NASA launches its new Moon rocket for the first time

NASA launches its new Moon rocket for the first time

NASA’s Space Launch System rocket took flight for the first time Wednesday, ushering in a new era of exploration for the space agency.

Why it matters: This uncrewed launch — called Artemis I — is expected to pave the way for NASA to one day send astronauts to the Moon for the first time since the end of the Apollo program in the 1970s.

A screenshot of the Orion Spacecraft tweet that it's moonbound.
Photo: NASA/Twitter

Details: The SLS launched an Orion capsule that will journey around the Moon before coming back to Earth for a splashdown expected in December.

  • The SLS took flight at 1:47am ET from Kennedy Space Center in Cape Canaveral, Florida.
  • The launch comes after years of technical development delays and months of launch delays caused by fuel leaks and even a hurricane hitting the multi-billion rocket while it was on its pad.

Source: NASA; Note: Not to scale and simplified for clarity; Graphic: Kavya Beheraj and Sarah Grillo/AxiosSource: NASA; Note: Not to scale and simplified for clarity; Graphic: Kavya Beheraj and Sarah Grillo/Axios

Source: NASA; Note: Not to scale and simplified for clarity; Graphic: Kavya Beheraj and Sarah Grillo/Axios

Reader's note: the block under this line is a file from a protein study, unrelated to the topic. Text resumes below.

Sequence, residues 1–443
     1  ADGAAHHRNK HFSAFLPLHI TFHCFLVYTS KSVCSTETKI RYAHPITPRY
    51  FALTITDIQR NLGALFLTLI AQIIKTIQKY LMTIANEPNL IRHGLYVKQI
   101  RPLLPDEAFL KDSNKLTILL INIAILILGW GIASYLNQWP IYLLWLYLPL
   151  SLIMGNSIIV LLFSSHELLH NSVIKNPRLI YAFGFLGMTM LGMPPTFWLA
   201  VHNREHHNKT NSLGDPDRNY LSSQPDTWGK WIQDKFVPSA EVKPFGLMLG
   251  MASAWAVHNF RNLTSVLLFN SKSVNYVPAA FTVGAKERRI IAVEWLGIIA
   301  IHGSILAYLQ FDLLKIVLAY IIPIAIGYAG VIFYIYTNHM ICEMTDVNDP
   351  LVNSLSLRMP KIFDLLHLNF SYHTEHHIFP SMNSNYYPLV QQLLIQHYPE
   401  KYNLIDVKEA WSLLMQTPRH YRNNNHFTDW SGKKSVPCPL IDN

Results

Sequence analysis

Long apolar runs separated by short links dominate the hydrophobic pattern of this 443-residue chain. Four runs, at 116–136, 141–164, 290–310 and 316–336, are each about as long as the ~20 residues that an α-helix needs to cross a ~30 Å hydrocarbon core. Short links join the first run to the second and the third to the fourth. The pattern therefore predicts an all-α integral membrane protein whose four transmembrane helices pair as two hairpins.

The big picture: Wednesday’s launch is effectively a technology test of the rocket and capsule ahead of putting people on board.

  • NASA aims to land the first woman and first person of color on the Moon using the SLS and Orion in 2025.
  • The space agency plans to one day build a small Gateway space station in lunar orbit and use the Moon as a testing ground for human missions to Mars.

But, but, but: There’s still a long way to go before NASA can send people to the Moon aboard the Orion and SLS.

  • SpaceX is currently building a lunar lander based on its Starship that’s meant to bring astronauts to the lunar surface under a contract with the space agency.
  • NASA is also working with two companies to build spacesuits for use on the Moon.
  • Both of those tasks are major technical hurdles that NASA and these private companies will need to overcome before a crewed lunar landing is possible.

Editor’s note: This article has been updated with a screenshot of the NASA Orion Spacecraft Twitter page’s tweet.

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